Drawing on the power of drama
Wandsworth Preparatory School’s Jo Fife takes stock of her first half term as Headteacher, and discusses the power and impact of teaching drama alongside her headship.
It’s my first year as a brand new headteacher, and what a year to choose to take my baby steps… in a pandemic. “What a time to take this on… how are you coping?” are the words from friends and family, as they helpfully remind me of the responsibility of keeping a whole school community safe and well, both in mind and body.
My only response, one that I feel many people in all kinds of diverse situations must share, is that I just have to take each day at a time. If I thought too much about it, it would be incredibly overwhelming. I also feel very lucky that my new job comes with the added benefit of working with children, who always keep you grounded.
One of the joys of being headteacher of a small school is that I’m still able to teach. Not being able to teach would be a bit like not being able to breathe, so as an English and drama specialist, I now teach drama to the whole school from Reception to Year 6. I have been worrying about the effect of Covid-19 suffocating the use of drama as an educational tool for children to express themselves, collaborate and see the world from different perspectives.
I don’t believe that drama in primary school should have the prime aim of producing actors; drama is so much more than that and months of online learning has proved that to me. Seeing our 11-year-olds return to school and throw themselves into imaginary worlds with the same enthusiasm as four-year-olds, willing to suspend their disbelief, empowered as new characters, conquering new worlds, reminds me that active story-telling and workshop drama sessions are the priceless jewels of primary education – and they don’t cost a penny.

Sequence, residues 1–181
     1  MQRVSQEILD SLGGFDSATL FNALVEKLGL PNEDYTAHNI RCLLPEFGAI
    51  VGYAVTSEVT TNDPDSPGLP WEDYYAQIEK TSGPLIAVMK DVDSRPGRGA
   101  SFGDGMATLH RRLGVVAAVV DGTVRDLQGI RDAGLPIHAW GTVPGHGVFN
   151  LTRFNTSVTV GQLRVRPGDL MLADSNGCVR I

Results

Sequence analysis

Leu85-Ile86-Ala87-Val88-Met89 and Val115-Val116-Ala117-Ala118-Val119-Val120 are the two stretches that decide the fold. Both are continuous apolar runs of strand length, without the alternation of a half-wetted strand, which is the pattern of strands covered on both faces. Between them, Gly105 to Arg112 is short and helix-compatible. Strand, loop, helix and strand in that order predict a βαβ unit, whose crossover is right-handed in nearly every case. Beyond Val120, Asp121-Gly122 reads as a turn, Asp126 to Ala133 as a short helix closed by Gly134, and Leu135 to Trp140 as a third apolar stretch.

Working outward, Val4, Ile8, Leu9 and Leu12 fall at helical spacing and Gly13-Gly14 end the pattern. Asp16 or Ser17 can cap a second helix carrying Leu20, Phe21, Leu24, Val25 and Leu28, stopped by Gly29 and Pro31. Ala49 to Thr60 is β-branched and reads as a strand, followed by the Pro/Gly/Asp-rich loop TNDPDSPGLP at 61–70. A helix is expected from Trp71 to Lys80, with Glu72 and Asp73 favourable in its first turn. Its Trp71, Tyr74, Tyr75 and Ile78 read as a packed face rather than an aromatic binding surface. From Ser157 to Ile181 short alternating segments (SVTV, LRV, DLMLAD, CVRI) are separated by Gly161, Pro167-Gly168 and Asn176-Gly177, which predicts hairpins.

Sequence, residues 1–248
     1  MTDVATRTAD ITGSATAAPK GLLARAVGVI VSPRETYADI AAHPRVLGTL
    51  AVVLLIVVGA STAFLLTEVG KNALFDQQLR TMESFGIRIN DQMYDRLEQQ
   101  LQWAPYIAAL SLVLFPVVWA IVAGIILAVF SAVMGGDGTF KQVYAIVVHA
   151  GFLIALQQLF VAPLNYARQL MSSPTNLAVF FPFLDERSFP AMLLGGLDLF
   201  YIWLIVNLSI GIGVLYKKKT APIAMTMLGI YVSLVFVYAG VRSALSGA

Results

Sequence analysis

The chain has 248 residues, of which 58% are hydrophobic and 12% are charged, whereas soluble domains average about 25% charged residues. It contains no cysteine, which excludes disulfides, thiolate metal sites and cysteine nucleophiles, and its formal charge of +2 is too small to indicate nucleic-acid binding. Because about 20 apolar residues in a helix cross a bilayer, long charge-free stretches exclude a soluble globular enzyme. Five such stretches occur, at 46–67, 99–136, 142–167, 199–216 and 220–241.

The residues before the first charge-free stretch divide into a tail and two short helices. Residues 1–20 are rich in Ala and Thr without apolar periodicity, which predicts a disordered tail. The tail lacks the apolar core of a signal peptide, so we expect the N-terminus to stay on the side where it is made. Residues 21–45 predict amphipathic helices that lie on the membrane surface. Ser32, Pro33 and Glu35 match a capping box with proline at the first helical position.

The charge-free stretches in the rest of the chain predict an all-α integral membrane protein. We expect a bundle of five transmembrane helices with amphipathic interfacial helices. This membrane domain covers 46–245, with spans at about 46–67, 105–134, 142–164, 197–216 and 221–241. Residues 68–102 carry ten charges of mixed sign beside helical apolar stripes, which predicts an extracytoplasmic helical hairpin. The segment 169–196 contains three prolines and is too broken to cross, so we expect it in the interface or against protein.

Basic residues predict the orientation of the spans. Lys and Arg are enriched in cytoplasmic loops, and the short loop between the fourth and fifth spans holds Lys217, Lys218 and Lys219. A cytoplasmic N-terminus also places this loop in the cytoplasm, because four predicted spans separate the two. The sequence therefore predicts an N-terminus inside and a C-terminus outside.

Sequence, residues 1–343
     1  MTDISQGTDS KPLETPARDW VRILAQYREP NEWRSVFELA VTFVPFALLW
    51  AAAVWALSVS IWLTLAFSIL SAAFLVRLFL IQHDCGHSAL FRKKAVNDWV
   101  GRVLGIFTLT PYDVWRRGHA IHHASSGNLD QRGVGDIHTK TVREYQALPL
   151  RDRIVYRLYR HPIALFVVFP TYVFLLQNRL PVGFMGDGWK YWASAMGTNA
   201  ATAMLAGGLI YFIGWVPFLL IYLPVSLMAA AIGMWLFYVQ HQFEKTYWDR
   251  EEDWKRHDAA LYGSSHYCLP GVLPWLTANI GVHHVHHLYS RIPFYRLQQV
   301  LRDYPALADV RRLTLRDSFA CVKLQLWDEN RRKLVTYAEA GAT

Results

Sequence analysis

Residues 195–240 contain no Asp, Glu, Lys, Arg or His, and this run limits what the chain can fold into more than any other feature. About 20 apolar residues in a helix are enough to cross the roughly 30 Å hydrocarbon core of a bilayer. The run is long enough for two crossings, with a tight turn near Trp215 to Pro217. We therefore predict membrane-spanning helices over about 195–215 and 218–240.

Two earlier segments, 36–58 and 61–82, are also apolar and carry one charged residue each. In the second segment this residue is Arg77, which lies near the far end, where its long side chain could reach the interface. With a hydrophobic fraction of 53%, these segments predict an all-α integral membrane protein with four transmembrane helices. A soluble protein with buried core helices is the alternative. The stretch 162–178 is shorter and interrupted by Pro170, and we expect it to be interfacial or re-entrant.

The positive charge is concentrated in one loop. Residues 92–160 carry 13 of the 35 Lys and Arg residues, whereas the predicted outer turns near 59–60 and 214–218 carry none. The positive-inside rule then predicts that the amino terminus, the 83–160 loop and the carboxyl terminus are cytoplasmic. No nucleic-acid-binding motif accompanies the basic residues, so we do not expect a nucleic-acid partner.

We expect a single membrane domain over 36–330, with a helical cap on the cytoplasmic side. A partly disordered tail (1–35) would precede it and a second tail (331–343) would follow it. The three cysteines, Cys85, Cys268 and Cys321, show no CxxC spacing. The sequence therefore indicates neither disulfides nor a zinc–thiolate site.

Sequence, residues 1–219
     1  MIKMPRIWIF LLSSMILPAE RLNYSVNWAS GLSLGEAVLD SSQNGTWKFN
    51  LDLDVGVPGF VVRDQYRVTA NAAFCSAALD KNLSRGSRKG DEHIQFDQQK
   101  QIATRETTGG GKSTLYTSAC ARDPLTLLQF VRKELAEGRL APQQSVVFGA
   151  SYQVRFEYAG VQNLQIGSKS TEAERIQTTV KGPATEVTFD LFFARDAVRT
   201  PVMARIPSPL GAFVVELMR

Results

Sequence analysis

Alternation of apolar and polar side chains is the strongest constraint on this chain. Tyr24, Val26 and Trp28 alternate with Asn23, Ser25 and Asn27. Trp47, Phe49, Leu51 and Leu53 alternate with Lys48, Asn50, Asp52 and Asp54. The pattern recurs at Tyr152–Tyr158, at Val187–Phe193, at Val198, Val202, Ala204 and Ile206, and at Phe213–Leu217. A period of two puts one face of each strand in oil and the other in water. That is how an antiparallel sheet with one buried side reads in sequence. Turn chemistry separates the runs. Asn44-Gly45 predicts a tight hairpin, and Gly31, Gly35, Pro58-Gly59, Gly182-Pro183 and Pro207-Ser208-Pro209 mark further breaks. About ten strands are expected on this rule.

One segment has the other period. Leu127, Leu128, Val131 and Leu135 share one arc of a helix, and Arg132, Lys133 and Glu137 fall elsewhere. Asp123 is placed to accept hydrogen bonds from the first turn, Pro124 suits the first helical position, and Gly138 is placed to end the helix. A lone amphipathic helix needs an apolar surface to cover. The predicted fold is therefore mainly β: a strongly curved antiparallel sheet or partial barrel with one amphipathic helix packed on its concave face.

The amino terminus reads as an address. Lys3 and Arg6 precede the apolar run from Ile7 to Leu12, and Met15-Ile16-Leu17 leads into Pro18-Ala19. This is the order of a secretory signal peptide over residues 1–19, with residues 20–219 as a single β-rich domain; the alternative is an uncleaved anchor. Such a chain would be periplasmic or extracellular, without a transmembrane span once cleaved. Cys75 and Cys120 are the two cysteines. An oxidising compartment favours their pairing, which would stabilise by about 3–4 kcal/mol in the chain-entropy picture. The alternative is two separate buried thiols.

Watching a six-year-old, normally unable to sit or listen without interrupting, transform into the most articulate interviewer in a hot-seating session still completely takes me by surprise. How can the power of imagination and role-play so successfully alter a child’s focus? I believe it gives them the breathing space from the constraints of everyday life, especially in our troubled times of “you can’t do that now”, and real empowerment to make decisions and take control again.
During a session intended to inspire writing about a storm, a Year 5 boy, who recently joined in September, was busy building a boat out of benches, ready for his voyage on the Peggy Sue – his yacht. “Why is your school so much fun?” he asked me, all wide-eyed and grinning. I felt that warm glow again, the one hidden under all the Covid-19 restrictions of my furrowed brow, and remembered that if you can disguise learning as something that is fun, engaging, curious and sometimes surprising, children will learn without even knowing they are doing it.
So, if I may put off for a few more moments writing the hundredth adaptation of our risk assessment and address the original question, the answer is this: “I am coping by drawing on the power, authenticity and inspiration created in those weekly drama sessions”. And for all those worrying that I’d allowed children to build a boat with benches and weather a storm under Covid-19 restrictions… you needn’t worry. My risk assessment allowed it…